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. 2016 Apr 7;6(4):1095-106.
doi: 10.1534/g3.115.022699.

A Genetic Map for the Only Self-Fertilizing Vertebrate

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Free PMC article

A Genetic Map for the Only Self-Fertilizing Vertebrate

Akira Kanamori et al. G3 (Bethesda). .
Free PMC article

Abstract

The mangrove killifish Kryptolebias marmoratus, and its close relative Kryptolebias hermaphroditus, are the only vertebrate species known to reproduce by self-fertilization due to functional ovotestis development. To improve our understanding of their genomes, we constructed a genetic map. First, a single F1 fish was made by artificial fertilization between K. marmoratus and K. hermaphroditus strains. F2 progeny were then obtained by self-fertilization of the F1 fish. We used RAD-seq to query genomic DNAs from the two parental strains, the F1 individual and 49 F2 progeny. Results identified 9904 polymorphic RAD-tags (DNA markers) that mapped to 24 linkage groups, corresponding to the haploid chromosome number of these species. The total length of the map was 1248 cM, indicating that about one recombination occurred for each of the 24 homologous chromosome pairs in each meiosis. Markers were not evenly distributed along the chromosomes: in all chromosomes, many markers (> 8% of the total markers for each chromosome) mapped to chromosome tips. Centromeres suppress recombination, and this uneven distribution is probably due to the species' acrocentric chromosomes. Mapped marker sequences were compared to genomic sequences of medaka and platyfish, the next most closely related species with sequenced genomes that are anchored to genetic maps. Results showed that each mangrove killifish chromosome corresponds to a single chromosome of both platyfish and medaka, suggesting strong conservation of chromosomes over 100 million years of evolution. Our genetic map provides a framework for the K. marmoratus/K. hermaphroditus genome sequence and an important resource for understanding the biology of hermaphroditism.

Keywords: centromeres and recombination; conserved chromosomes; genetics of sex; hermaphrodite; phylogeny by RAD-seq; teleost.

Figures

Figure 1
Figure 1
Phylogenetic relationships of two hermaphroditic mangrove killifish species, Kryptolebias marmoratus (strains DAN and VOL) and K. hermaphroditus (strains PAN-RS and HY), and a sister gonochoristic species, K. caudomarginatus (Kc). Trees were constructed by neighbor-joining (NJ) based on the presence or absence of RAD-tags (A), concatenated SNPs (53,544 polymorphic, informative bases) identified from RAD-tags (B), and from mitochondrial DNA sequences (a part of 12S and 16S rRNA combined, total 1431 bases) (C), respectively. The tree topology did not change when analyzed with maximum likelihood (ML) or maximum parsimony (MP) methods (data not shown). Numbers at the nodes represent percentage recovery of those nodes per 10,000 bootstrap replicates (NJ/MP for A and NJ/ML/MP for B and C). Scale bars indicate genetic distance.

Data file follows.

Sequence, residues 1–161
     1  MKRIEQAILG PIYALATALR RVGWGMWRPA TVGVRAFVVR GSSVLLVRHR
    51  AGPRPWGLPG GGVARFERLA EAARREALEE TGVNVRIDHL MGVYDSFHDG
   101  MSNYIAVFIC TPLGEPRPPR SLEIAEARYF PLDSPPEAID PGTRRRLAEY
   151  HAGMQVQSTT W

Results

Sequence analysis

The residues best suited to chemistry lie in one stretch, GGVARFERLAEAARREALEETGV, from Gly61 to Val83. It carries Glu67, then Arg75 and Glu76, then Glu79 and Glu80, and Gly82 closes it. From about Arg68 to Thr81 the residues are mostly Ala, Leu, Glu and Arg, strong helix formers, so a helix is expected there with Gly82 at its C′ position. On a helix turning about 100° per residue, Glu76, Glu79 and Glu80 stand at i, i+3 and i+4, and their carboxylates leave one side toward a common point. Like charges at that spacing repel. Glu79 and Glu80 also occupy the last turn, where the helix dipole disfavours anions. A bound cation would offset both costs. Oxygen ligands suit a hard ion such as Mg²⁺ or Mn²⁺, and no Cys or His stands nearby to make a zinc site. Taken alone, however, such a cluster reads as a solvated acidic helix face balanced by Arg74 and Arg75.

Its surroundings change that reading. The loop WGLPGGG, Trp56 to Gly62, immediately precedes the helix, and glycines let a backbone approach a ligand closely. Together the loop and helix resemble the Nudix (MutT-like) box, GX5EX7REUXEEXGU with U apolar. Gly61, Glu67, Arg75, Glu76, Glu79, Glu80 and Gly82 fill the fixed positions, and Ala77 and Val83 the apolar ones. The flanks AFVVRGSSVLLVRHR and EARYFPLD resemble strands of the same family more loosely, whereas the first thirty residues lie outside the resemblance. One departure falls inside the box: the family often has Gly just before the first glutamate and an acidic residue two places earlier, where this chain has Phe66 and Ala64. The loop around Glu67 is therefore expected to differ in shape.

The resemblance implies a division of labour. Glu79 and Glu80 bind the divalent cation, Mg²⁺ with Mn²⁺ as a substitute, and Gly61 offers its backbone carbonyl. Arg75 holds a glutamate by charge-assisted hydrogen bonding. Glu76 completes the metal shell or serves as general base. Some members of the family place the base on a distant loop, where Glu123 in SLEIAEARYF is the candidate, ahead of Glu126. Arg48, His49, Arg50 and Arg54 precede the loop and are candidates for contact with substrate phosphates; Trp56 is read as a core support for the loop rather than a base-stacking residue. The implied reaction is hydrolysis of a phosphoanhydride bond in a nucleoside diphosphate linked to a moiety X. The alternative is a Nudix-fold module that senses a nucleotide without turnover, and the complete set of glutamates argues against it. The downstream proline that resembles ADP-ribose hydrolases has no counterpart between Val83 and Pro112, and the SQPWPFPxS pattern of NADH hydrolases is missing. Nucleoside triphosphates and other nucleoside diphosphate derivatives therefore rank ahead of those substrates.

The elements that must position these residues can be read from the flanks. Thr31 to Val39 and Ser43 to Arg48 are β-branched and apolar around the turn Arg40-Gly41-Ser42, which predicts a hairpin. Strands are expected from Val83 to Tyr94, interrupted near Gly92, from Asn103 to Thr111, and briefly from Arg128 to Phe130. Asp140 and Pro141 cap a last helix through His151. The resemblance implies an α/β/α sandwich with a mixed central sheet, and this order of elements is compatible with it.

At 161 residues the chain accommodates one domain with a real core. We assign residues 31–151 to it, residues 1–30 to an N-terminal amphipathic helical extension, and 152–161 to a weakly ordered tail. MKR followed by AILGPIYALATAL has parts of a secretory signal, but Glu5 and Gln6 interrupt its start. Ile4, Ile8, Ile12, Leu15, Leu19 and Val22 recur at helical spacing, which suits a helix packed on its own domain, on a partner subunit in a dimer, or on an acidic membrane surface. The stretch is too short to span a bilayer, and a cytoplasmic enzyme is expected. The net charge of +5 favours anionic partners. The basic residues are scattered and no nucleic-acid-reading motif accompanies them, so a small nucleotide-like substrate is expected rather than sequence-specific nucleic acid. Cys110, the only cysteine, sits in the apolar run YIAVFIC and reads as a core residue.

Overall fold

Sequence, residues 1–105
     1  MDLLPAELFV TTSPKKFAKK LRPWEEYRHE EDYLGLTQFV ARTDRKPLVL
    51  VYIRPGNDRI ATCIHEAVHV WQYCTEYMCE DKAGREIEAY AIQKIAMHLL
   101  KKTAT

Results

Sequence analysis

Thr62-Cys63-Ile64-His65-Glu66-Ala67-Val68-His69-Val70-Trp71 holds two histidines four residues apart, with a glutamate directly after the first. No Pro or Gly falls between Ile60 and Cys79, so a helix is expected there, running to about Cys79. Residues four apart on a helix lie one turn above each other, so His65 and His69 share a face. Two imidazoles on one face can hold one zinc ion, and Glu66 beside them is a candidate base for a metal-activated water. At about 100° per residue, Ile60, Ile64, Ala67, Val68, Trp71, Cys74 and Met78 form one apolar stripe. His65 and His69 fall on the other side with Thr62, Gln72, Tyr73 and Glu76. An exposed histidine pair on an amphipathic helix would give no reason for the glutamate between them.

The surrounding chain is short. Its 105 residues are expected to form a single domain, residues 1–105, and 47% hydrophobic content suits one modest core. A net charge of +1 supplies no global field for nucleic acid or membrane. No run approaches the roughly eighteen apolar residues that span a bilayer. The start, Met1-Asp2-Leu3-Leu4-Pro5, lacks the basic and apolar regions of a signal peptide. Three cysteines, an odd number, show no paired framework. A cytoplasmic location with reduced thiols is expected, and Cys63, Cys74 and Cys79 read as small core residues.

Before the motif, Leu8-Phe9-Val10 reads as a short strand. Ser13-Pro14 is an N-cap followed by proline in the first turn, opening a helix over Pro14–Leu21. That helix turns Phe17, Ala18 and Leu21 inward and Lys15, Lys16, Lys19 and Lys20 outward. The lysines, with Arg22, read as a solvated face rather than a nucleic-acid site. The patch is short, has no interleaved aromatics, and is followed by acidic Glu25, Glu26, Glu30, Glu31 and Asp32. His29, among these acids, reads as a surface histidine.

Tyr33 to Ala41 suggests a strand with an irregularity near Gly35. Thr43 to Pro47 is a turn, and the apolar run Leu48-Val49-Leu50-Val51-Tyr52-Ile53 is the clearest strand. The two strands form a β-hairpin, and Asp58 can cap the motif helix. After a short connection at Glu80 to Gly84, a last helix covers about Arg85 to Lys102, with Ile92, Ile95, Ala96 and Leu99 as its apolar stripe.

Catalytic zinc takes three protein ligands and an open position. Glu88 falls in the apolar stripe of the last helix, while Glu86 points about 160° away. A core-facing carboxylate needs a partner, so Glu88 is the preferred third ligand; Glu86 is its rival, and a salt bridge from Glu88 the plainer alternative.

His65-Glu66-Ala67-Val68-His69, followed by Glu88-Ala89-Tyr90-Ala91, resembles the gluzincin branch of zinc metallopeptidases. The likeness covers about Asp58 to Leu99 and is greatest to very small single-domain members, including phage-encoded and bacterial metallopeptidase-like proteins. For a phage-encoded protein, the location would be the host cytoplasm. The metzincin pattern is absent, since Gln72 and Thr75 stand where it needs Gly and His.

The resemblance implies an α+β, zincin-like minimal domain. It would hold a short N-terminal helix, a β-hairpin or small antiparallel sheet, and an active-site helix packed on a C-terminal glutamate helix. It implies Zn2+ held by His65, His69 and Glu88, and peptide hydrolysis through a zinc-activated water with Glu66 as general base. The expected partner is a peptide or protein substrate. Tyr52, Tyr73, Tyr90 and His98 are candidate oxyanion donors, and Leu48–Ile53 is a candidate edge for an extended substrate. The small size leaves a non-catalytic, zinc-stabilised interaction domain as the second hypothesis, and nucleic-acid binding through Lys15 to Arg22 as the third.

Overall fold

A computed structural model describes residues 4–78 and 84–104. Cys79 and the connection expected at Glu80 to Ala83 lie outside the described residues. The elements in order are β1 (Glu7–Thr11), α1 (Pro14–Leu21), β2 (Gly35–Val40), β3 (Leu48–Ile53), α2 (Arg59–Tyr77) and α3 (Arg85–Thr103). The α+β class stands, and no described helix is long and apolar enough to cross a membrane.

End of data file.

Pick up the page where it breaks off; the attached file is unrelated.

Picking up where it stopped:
Figure 2
Figure 2
A Genetic linkage map of K. marmoratus/K. hermaphroditus based on RAD sequencing. The map coalesced into 24 linkage groups (LGs). LGs were named in decreasing order of total number of markers. For each LG, numbers to the left of the vertical bars represent map distances (cM, using the Kosambi function). Numbers to the right of the vertical bars give the names of representative markers with bootstrap values in the parenthesis (10,000 bootstrap replicates with AntMap). The horizontal bars at far right represent the total number of markers mapped to the same bin. The percentage of markers mapped to the same bins is shown in a parenthesis if ≥ 8.0% of the total markers on the LG. Markers showing segregation distortion are indicated by asterisks (*, P < 0.05; **, P < 0.01). Note that the concentration of markers is high at the tips of all LGs. Bins with the two highest numbers of markers, 119 and 118 markers, mapped to the middle of LG1 and the tip of LG5, respectively. Data are provided in File S1.
Figure 2
Figure 2